Zambia is mourning the death of Betty Kaunda, wife of the country’s founding president, Kenneth Kaunda, who died early Wednesday in Zimbabwe while visiting her daughter.
The former first lady is viewed as the mother of the nation and the strength of her husband, who played a leading role during Africa’s liberation struggle. Kaunda was 84.
Zambia’s minister for foreign affairs and tourism, Given Lubinda, President Michael Sata and the people of Zambia are shocked and saddened by the death of the woman known by most Zambians as “Mama Kaunda.”
“The Zambian people and the government of Zambia received the information about the passing of the former first lady, Mama Betty Kaunda, with a great sense of shock because the last time Mama Betty Kaunda appeared in public in the company of her husband, she looked well and happy with her usual smile. Mrs. Betty Kaunda is considered by all Zambians as a mother of the nation, and the country at the moment is engulfed in a sense of grief,” he said.
Lubinda said Kaunda’s popularity even in death, and nearly 21 years since her husband left power, is symptomatic of the kind of humble life she led.
“People in Zambia remember very well the painful experience that Mrs. Kaunda underwent in 1990 after Frederick Chiluba became the second Republican president. President Kenneth Kaunda was humiliated, together with his family, and yet Madam Betty Kaunda handled everything with such a sense of responsibility and so much grace. Even after Dr. Kaunda was imprisoned by Frederick Chiluba during Christmas, Madam Betty Kaunda never said any word disparaging President Chiluba and his government,” he said.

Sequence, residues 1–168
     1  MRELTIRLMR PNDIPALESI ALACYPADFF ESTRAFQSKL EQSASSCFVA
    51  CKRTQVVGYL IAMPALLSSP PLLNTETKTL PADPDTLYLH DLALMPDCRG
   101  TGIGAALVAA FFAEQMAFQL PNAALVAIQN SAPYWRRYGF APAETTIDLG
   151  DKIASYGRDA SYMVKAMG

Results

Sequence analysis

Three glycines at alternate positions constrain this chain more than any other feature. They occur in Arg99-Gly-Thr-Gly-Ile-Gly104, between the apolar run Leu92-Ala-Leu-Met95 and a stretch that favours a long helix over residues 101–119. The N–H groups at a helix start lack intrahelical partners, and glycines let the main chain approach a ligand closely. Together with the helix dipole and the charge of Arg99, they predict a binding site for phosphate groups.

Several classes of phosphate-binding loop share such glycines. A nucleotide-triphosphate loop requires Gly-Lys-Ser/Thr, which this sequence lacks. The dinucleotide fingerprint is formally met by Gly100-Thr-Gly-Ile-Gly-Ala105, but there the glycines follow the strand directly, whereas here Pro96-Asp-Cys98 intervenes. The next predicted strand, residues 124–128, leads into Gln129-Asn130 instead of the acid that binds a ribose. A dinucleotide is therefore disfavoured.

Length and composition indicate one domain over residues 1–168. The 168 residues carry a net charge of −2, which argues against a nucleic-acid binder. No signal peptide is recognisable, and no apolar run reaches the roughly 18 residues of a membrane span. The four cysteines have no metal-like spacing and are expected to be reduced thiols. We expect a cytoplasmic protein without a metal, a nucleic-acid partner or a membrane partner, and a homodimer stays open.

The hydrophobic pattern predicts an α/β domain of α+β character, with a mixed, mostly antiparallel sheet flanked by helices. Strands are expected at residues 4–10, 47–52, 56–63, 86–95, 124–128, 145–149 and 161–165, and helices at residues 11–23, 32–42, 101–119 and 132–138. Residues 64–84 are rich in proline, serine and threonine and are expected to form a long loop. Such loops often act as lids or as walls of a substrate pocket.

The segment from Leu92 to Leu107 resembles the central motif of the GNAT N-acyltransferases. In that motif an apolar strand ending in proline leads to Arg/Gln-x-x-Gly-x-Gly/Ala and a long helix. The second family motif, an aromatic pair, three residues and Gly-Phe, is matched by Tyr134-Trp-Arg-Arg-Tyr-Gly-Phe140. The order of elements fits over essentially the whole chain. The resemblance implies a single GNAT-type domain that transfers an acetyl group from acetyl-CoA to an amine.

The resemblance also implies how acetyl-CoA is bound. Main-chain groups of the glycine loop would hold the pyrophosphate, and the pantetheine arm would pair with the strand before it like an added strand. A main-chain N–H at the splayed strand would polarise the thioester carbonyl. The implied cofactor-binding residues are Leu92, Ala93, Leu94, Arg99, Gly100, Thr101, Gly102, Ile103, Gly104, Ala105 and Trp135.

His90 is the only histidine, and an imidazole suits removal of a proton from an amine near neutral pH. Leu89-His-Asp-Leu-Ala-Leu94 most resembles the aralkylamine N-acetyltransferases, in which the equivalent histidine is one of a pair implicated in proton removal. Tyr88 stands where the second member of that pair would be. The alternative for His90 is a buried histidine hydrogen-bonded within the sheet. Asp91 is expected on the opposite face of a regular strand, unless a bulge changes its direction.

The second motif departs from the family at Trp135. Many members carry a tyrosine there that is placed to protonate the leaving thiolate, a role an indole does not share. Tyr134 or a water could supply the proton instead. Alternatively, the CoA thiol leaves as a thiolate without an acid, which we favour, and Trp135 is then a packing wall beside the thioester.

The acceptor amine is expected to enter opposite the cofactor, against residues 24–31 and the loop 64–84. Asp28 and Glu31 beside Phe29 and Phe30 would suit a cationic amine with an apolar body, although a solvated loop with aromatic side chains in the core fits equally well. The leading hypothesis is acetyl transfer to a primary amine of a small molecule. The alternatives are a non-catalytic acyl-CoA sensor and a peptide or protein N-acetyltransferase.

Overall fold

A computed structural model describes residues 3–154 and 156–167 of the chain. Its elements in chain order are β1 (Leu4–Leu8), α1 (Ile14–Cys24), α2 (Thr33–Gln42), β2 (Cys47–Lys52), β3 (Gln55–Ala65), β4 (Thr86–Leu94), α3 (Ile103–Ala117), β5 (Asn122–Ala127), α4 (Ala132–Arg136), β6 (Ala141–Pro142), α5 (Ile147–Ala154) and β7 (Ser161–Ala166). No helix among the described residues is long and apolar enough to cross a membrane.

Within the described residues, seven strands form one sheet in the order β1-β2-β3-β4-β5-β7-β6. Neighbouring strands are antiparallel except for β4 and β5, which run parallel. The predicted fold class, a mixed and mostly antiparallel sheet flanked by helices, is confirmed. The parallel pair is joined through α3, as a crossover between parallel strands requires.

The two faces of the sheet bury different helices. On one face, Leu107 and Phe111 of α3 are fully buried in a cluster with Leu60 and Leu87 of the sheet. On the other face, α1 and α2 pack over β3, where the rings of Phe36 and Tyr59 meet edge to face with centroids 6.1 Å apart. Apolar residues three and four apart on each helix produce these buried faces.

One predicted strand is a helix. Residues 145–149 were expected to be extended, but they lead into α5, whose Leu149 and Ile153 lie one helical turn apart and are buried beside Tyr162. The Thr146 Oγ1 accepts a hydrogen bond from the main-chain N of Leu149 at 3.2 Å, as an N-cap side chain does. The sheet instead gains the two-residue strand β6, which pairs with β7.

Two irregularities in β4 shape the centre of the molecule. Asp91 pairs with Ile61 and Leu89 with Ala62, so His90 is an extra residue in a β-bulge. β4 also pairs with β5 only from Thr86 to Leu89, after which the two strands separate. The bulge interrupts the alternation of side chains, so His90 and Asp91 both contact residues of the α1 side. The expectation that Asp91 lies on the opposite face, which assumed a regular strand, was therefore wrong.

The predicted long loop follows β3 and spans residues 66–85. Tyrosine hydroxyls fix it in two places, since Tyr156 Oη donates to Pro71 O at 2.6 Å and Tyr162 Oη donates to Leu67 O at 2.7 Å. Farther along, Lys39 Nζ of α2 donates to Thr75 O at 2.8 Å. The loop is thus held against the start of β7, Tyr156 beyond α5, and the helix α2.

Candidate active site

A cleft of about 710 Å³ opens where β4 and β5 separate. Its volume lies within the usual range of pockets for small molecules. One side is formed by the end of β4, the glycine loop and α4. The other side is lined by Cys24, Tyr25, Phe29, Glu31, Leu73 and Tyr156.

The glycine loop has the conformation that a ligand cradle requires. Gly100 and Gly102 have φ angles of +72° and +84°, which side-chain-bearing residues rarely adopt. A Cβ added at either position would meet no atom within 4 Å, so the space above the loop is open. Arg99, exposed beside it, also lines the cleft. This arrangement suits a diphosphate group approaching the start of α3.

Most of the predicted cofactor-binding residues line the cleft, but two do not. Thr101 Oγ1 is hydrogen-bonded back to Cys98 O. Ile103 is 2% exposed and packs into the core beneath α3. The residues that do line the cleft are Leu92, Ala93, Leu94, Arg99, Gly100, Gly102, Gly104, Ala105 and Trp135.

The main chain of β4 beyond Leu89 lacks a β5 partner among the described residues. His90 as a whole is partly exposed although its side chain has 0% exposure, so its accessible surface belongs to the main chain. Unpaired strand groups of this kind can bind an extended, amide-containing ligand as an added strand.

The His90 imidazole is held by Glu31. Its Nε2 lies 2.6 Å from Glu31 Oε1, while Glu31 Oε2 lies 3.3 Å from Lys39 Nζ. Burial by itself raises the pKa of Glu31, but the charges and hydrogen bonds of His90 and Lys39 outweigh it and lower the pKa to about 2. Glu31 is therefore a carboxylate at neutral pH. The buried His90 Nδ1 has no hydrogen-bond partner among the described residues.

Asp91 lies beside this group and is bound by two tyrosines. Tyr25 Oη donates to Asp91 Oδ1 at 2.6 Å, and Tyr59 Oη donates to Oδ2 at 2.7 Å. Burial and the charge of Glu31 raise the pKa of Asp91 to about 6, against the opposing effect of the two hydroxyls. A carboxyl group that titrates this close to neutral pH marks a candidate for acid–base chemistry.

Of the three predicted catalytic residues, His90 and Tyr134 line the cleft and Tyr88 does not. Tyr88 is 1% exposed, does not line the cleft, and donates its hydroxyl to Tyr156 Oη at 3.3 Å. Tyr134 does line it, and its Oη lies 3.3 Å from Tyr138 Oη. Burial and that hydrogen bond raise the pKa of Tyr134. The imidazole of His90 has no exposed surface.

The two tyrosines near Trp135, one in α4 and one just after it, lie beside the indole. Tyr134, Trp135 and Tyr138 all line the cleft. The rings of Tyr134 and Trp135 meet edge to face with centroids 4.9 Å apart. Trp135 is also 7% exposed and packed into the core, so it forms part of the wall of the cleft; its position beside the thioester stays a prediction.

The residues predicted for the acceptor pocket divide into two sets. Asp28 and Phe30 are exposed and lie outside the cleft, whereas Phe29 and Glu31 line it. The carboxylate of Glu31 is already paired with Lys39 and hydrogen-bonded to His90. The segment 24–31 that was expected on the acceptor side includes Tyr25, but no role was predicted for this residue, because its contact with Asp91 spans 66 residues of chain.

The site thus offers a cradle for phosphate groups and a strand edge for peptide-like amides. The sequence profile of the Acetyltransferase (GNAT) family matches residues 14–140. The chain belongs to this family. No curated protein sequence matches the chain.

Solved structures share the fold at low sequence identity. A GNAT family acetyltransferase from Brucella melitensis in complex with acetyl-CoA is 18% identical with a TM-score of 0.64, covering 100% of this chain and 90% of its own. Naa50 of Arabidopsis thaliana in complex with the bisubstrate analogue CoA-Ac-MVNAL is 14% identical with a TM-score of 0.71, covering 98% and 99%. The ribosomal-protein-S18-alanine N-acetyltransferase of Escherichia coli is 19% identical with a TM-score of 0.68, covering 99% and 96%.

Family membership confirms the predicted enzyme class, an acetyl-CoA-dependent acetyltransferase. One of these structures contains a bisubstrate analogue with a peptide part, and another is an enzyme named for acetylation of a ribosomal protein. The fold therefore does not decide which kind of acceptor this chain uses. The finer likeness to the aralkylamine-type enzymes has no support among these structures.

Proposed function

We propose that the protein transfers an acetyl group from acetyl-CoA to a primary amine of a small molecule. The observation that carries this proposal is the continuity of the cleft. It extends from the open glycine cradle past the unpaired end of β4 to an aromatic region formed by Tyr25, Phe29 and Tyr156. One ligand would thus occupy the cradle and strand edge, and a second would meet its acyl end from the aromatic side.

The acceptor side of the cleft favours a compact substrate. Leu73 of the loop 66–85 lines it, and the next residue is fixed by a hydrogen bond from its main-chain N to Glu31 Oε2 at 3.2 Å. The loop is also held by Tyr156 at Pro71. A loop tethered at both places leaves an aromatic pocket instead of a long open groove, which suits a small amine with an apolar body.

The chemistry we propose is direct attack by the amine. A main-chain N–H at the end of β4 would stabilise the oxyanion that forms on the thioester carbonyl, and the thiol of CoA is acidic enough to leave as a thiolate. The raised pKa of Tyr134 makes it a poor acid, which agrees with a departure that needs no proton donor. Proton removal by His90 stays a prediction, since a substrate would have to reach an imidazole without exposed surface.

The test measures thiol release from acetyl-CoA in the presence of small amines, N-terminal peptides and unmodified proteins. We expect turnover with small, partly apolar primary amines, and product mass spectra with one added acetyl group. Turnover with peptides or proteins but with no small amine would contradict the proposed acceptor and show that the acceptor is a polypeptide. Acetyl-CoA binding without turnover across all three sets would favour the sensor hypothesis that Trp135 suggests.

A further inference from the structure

He said the late former first lady is also being mourned by many Zambians because in life they consider her as a fountain of hope and inspiration.
Mrs. Kaunda’s husband, the first president of Zambia, contributed greatly towards the liberation of Zambia and the southern African region as a whole.
Butty interview with Lubinda
Lubinda said Kaunda was the strength of her husband during the liberation struggle.
“Dr. Kenneth Kaunda in his book, Letter to My Children,
narrates very eloquently what he kept repeating as his fountain of strength during the liberation struggle, and his fountain of strength was no other than Mama Betty Kaunda. When President Kaunda was incarcerated during the liberation struggle, he went into incarceration with strength because he knew that Mama Betty Kaunda was there to continue the struggle and to continue to take care of their children,” he said.
Lubinda said the Zambian government will give Mrs. Kaunda a befitting funeral.
According to The Zambia Post
newspaper, Kaunda is survived by her husband of 66 years, eight children, 30 grandchildren and 11 great grandchildren.